Monday, 18 December 2017

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Toxic top-secret base in Greenland

Camp Century Photo - YouTube

The recent discovery of radio-active waste in an abandoned top secret US military base has attracted the attention of a UN Human Rights Rapporteur.

Baskut Tuncak, the UN Special Rapporteur of the UN Human Rights Council on hazardous substances and wastes visited Greenland and Denmark in October, after a controversial referral of the cleaning up efforts on former US military bases in Greenland to the United Nations.

This concerns cleaning-up of 200,000 litres of diesel fuel, low-level radioactive waste from a nuclear reactor and other chemical and toxic waste. Camp Century was a top-secret US missile base dug into the ice cap in North-western Greenland. It closed half a century ago but a scientific report published in August 2016 has revealed the need for a hurried clean-up effort due to the melting of the surrounding glaciers.

Special Rapporteur Baskut Tuncak

Mr. Tuncak visited both Denmark and Greenland. He said in an interview with the Newsletter that his visit had underlined several issues including the obligation to clear military debris.

“Camp Century poses a unique threat because radio-active waste has been buried for many years,” says Mr. Tuncak, “The information that the authorities have seems to be coming in increments, which leads to a sense of uncertainty as to what exactly is there and what else may be buried and what the full magnitude of the impacts could be. There seems to be need for more transparency from the US military,” he says and points out that local communities in Japan and South-Korea have faced similar challenges.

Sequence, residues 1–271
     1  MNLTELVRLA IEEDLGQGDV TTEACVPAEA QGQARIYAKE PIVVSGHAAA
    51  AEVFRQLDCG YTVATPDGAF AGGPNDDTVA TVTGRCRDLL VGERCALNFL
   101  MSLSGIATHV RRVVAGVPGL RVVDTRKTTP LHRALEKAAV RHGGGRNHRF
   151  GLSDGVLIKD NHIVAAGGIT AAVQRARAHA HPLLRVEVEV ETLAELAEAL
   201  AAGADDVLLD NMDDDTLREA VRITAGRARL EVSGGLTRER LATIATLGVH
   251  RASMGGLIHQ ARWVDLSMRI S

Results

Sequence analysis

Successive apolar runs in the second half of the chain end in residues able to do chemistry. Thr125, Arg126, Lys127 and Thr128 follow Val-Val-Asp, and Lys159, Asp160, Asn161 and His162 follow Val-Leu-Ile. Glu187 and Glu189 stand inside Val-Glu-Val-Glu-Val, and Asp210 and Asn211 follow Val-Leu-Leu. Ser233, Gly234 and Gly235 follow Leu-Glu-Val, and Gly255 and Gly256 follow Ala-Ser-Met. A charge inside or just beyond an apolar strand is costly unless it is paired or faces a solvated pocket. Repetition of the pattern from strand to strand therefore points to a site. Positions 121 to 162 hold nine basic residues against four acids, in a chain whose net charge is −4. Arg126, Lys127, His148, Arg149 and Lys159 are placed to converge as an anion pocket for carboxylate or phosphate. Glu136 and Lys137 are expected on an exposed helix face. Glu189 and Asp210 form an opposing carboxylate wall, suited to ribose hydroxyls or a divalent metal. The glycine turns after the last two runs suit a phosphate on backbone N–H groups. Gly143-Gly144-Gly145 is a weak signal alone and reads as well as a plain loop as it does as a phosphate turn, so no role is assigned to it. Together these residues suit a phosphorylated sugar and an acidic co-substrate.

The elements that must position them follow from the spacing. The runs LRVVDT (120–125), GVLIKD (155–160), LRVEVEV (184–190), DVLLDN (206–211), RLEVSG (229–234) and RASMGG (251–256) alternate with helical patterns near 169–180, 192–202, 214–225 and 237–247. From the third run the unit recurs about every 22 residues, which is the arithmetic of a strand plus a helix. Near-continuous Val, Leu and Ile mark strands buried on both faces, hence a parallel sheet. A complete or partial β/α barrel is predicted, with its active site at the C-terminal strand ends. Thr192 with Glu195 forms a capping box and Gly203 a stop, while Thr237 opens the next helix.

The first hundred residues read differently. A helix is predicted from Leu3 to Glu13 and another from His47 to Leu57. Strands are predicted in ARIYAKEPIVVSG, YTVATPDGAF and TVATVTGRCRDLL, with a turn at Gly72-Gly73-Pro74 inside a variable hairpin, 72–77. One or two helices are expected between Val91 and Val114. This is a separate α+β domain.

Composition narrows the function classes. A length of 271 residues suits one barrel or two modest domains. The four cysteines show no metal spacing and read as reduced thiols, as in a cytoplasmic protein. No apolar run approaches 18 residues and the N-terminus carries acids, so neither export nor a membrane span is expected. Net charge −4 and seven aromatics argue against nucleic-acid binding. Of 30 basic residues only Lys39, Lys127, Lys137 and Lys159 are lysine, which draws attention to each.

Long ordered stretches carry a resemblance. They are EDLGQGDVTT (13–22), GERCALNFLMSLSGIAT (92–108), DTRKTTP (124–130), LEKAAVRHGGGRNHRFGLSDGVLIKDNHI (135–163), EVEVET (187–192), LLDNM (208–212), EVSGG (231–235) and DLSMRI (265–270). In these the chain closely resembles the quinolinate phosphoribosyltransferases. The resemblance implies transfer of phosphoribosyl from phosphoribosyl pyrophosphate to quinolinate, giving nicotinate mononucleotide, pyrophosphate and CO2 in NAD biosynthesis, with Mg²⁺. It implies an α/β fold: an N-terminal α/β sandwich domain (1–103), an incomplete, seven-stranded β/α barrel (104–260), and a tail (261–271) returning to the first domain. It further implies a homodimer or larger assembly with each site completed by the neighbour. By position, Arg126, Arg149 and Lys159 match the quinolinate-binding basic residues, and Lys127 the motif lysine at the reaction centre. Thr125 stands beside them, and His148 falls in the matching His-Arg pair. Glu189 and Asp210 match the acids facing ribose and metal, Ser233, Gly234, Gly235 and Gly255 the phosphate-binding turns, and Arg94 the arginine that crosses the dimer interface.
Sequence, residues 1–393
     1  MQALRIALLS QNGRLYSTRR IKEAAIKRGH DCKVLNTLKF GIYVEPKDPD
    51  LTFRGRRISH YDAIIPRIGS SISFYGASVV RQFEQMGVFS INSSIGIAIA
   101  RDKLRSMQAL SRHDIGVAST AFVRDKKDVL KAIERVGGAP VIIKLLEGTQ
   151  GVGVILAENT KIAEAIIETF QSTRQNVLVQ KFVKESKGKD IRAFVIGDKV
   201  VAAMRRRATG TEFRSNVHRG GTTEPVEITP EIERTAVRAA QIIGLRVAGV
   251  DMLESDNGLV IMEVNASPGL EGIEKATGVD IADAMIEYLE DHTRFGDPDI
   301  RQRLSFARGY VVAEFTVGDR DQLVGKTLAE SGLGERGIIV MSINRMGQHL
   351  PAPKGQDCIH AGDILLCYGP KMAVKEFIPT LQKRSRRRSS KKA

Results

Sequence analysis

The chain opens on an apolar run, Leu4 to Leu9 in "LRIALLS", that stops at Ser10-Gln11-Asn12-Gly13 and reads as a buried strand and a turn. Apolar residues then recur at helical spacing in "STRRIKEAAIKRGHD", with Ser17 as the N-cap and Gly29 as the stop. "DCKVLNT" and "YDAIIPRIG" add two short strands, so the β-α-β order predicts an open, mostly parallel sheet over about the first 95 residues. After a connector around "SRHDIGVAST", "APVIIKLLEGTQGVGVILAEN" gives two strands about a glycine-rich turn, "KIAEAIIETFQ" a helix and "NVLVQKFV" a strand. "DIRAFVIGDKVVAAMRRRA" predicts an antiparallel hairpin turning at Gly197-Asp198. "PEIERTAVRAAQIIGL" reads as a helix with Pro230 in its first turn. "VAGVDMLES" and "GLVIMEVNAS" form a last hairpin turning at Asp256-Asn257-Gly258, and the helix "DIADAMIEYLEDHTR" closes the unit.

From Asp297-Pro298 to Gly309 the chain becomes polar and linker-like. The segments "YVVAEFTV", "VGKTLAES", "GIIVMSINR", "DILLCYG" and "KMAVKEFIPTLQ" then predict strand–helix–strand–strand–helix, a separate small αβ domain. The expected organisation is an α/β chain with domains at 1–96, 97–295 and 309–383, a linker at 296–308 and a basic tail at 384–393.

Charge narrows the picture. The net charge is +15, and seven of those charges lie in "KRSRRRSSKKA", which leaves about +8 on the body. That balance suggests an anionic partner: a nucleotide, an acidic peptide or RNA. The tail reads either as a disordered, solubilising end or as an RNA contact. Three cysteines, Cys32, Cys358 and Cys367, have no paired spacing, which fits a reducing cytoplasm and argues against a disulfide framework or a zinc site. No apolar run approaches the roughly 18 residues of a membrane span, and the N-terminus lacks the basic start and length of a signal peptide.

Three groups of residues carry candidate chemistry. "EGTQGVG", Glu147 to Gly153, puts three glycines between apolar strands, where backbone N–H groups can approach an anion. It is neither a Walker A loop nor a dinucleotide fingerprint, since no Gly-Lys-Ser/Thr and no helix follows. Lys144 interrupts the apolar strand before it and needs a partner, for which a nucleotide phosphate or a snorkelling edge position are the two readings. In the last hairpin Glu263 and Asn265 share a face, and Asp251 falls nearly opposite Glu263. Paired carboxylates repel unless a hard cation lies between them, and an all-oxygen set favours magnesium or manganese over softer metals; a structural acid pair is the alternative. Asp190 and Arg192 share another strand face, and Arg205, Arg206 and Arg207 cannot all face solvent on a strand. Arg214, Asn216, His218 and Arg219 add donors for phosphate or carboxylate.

Earlier sharp exchanges of words between authorities in Nuuk and the central Danish government in Copenhagen grew until Vittus Qujaukitsoq, who handled Greenlandic foreign affairs at the time, added fuel to the fire of controversy by criticizing Denmark for allowing the presence of US bases, which he described as “75 years of accumulated frustration and powerlessness.”.

The United States promised to clean up when Camp Century was closed but according to media reports they refuse to foot the bill.  

Special Rapporteur Tuncak will present a report to the Human Rights Council in September next year. He said that it was commendable that Denmark was taking steps to solve the issue. He said liabilities depended on contractual obligations, the type of information share, how much each side knew and lawyers were working on solutions.

Tuncak also addressed the challenges of waste management in Greenland, which covers a vast but sparsely populated area and concerns over mining activities on the local population.

 

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